In a congested network, it may be easier to find several lower bandwidth paths than to find a single large bandwidth path. Therefore, we duplicate the streams, and transmit 240 the multiple streams 221–222, 231 over multiple paths 105. Using the multiple path solution according to our invention also decreases the likelihood that packets are lost.
One could simply duplicate the original video content for each path. This would improve the robustness of the video transmission, because a packet lost in one path can be recovered from other paths. However, if the bandwidth of each path is insufficient, then only a low quality video can be reconstructed. Another simple solution could partition video stream into non-overlapping stream, and use a different path for each stream. This would improve the transmit bit-rate. However, if a packet is lost in any path, then the corresponding lost information cannot be reconstructed.
Therefore, we provide the method 200 for transmitting an MPEG-4 FGS video stream over the multiple path 105 of the network.
Duplication of Base Layer and Low Bit-Rate Enhancement Layers
The base layer 211 and low bit-rate enhancement layers 212 of the input video 201 are encoded 210 using FGS and traditional forward error correction (FEC) schemes. These bitstreams of the video are duplicated 220 into multiple streams 221–222 for every available path. In this way, the base layer and the low bit-rate enhancement layers are protected.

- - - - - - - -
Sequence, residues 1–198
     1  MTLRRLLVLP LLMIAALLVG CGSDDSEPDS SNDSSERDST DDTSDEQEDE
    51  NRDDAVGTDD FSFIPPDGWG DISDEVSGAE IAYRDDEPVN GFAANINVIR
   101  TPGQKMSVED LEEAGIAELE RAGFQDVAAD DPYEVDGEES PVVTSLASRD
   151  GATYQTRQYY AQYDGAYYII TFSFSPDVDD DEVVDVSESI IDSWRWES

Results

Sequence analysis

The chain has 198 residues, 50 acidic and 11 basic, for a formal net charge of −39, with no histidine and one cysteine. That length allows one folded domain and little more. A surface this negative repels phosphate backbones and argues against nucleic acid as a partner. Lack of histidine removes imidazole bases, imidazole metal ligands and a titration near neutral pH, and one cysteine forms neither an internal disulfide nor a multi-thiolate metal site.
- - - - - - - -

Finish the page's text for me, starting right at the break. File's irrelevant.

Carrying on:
Partitioning of High Bit-Rate Enhancement Layers
The high bit-rate enhancement layers 213 are partitioned 230 into multiple partial low bit-rate bitstreams 231. Each one of the multiple partial low-bit-rate bitstreams is converted using a different one of the multiple descriptions 205 to take advantage of the multiple paths. Each path carries one of the multiple bitstreams description of the original high bit-rate enhancement layer 213. In this way, each partitioned low bit-rate enhancement layer 231 has a lower bit-rate when compared with the input high bit-rate enhancement layers 213. Thus, it possible to transmit 240 each partitioned bitstream 231 over a lower bit-rate path.
With the partitioning of the high bit-rate FGS enhancement layers 213, errors are reduced. If the information in one packet is lost, then similar information can be recovered from another path to improve the quality of the decoded video.
To partition the high bit-rate enhancement layers 213, we distribute “1” bits of the high bit-rate layer using different descriptions within the available bandwidth. A simple method distributes the “1” bits evenly among the multiple partial enhancement layers 231.
For example, if two paths are available, and an input block includes 64 bits
then the “1” bits are evenly distributed into two descriptions as: